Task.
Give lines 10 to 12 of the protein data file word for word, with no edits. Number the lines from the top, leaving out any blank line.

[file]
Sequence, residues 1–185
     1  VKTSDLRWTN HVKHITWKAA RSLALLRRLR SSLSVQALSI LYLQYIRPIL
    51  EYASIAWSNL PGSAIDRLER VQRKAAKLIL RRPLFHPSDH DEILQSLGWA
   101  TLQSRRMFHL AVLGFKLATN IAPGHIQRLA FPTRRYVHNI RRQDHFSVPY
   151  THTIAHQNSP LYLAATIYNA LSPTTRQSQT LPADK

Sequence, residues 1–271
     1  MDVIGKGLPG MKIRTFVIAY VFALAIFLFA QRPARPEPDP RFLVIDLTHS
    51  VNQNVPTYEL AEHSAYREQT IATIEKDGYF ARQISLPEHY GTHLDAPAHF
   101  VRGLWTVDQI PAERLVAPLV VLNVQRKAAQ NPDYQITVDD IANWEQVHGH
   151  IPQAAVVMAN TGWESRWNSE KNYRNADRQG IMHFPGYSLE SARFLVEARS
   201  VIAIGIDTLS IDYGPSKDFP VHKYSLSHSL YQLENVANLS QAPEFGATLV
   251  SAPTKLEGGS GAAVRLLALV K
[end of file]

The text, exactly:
   151  IPQAAVVMAN TGWESRWNSE KNYRNADRQG IMHFPGYSLE SARFLVEARS
   201  VIAIGIDTLS IDYGPSKDFP VHKYSLSHSL YQLENVANLS QAPEFGATLV
   251  SAPTKLEGGS GAAVRLLALV K